This method is named creaming method as the recipes call for ”Cream butter and sugar” or “Beat butter and sugar”. What you basically have to do is beat butter/shortening and sugar together until the butter turns to look paler in color. Creaming basically means adding air bubbles to the batter by beating sugar with solid butter. Here comes two important issues to notice, you need crystallized ( can be very fine crystals though) sugar for an aerated batter and also the butter/shortening has to be solid. Many recipes ask for room temperature butter, but in a hot country like ours it is recommended not to keep butter out of refrigerator for more than 10 minutes or so. And the best way to do this is just to cut your solid butter into small cubes and then start beating them. If your recipe asks for both butter and shortening , beat the shortening first and then add butter to it.
You have to scrape your bowls quite often to get an even mix of air bubbles throughout the batter and be careful never to under or over mix. Although many recipes ask you to continue beating until the mix of butter and sugar becomes light and fluffy, some of the recipes have so little amount of fat that you will actually never get a fluffy mix, rather your mix will feel like sand. So look at the ratio and if you see the ratio of fat is too low, just beat until the sand like mixture looks even. If you beat for too long and your batter’s fat becomes too warm, the air bubbles incorporated inside the batter will start to loosen up and you will get a half ruined mix.
The next step is to add eggs. Since you need to create egg-water-fat emulsification, the eggs has to be added gradually like one at a time. (This is more like how you make mayo and add oil little by little so the mix does not get runny). Eggs can be both room temperature and cold but both are fine. However cold eggs might result in a little curdling of the batter which is okay.
Another important thing is in this method the final wet and dry ingredients are always added in the last and are added alternatively in two or three pats. You have to scrape your bowl often and mix the batter. However just remember to mix enough as under-mixing will cause lumps inside the cake whereas over-mixing will cause losing too many air bubbles.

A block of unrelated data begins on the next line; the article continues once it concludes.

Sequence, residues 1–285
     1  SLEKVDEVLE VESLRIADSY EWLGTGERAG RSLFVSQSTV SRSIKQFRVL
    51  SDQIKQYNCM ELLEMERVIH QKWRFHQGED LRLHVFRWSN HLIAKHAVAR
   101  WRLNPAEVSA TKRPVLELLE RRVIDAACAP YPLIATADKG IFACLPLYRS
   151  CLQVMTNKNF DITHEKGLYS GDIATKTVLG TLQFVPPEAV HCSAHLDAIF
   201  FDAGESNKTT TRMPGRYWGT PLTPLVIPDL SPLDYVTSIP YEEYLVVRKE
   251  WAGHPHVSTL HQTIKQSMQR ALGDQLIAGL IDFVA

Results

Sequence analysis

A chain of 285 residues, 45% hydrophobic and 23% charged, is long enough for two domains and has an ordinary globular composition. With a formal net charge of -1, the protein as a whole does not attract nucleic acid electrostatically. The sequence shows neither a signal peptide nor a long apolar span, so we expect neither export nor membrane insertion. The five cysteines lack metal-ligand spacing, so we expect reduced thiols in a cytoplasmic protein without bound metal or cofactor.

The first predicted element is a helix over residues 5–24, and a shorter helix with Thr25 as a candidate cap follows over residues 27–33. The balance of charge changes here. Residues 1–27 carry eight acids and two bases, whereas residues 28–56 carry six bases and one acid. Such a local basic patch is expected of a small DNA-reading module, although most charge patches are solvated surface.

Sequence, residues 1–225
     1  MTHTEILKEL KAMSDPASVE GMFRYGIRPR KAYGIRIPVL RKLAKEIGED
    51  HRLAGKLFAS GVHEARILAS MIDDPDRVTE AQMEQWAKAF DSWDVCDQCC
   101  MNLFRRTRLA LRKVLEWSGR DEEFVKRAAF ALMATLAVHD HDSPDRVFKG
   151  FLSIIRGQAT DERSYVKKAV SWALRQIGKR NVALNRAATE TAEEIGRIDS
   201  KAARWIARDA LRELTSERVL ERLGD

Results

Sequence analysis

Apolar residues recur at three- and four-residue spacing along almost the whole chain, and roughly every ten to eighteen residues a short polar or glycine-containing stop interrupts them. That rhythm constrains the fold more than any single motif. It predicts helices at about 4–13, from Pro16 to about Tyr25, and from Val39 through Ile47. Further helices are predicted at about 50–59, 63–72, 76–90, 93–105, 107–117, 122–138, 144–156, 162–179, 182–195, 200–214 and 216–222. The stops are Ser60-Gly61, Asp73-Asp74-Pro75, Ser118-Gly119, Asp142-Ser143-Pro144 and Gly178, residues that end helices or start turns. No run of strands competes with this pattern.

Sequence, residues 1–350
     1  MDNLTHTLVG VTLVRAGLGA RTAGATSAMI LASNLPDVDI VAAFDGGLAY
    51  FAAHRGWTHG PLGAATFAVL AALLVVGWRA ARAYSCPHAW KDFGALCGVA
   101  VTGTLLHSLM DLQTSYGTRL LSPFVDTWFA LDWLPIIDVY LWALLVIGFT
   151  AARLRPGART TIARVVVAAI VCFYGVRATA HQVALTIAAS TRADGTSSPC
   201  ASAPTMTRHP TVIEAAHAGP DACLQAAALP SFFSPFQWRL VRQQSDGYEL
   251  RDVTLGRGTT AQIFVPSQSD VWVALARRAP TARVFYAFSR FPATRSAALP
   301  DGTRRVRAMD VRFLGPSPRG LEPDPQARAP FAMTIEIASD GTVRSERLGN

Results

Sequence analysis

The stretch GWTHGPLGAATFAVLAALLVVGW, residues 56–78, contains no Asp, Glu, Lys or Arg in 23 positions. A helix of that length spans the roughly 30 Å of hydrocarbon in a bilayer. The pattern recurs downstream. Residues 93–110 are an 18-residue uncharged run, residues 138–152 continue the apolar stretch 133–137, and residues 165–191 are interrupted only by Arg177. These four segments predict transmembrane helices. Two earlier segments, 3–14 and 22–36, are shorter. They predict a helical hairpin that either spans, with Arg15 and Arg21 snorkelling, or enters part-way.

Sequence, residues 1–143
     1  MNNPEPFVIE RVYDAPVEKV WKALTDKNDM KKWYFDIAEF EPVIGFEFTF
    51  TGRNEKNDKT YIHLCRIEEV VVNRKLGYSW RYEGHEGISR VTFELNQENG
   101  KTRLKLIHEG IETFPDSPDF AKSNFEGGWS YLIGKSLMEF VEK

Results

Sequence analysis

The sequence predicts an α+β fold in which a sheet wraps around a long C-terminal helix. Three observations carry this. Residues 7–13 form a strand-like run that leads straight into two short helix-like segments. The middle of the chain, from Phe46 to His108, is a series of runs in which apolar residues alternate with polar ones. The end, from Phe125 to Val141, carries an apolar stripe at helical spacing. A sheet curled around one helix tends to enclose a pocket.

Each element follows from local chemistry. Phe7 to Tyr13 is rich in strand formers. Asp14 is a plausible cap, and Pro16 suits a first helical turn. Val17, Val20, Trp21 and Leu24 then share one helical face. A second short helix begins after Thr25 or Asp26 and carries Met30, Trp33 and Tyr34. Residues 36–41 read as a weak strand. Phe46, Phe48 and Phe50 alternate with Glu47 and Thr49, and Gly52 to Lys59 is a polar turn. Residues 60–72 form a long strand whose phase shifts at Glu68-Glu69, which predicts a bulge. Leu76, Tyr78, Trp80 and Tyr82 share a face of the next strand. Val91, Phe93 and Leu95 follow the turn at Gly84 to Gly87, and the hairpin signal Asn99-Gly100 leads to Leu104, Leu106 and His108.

Lastly you need to add some leavening agent to the batter. However, creaming method cakes basically rise inside the oven due to three types of leavening – from air bubbles trapped inside the batter, from the steam created from the liquids added to the batter and also from the chemical leavening agents. The chemical leavening agent can be baking powder/baking soda. The recipes that call for only baking soda needs you to add some vinegar to activate the agent.
We are now going to talk about the six basic methods of cake making. The examples and recipes will be there in the next sessions:
Creaming Method: This method is called creaming method as butter/fat content and sugar is creamed together at first. Afterwards the dry ingredients and the liquid ingredients are added alternatively. The high fat content absorbs the liquid quickly and the flour helps to bind the liquid content to the batter ( the liquid usually seems to get separated otherwise). The cakes made using this method are usually a little dense, but super moist. One important thing to remember while making cake in this method is that we do not use any egg white foams here , but you definitely need some sort of leavening/rising agent ( chemical agents) as the fat makes the batter quite heavy. The most common cakes that we make using this method is the super popular red velvet cake and devils’ food cake. (We will see the video tutorials along with recipe in our next tutorial section.)
Whisked Sponge Method/ Foaming Method: This one is probably the most popular in our country. Everyone wants to master a light yet perfect sponge. Sponges are made by whipping egg whites or whole eggs with sugar into a thick foam and then folding flour into the mixture. Typically no extra leavening and fat is added in this method, but there are exceptions like genoise.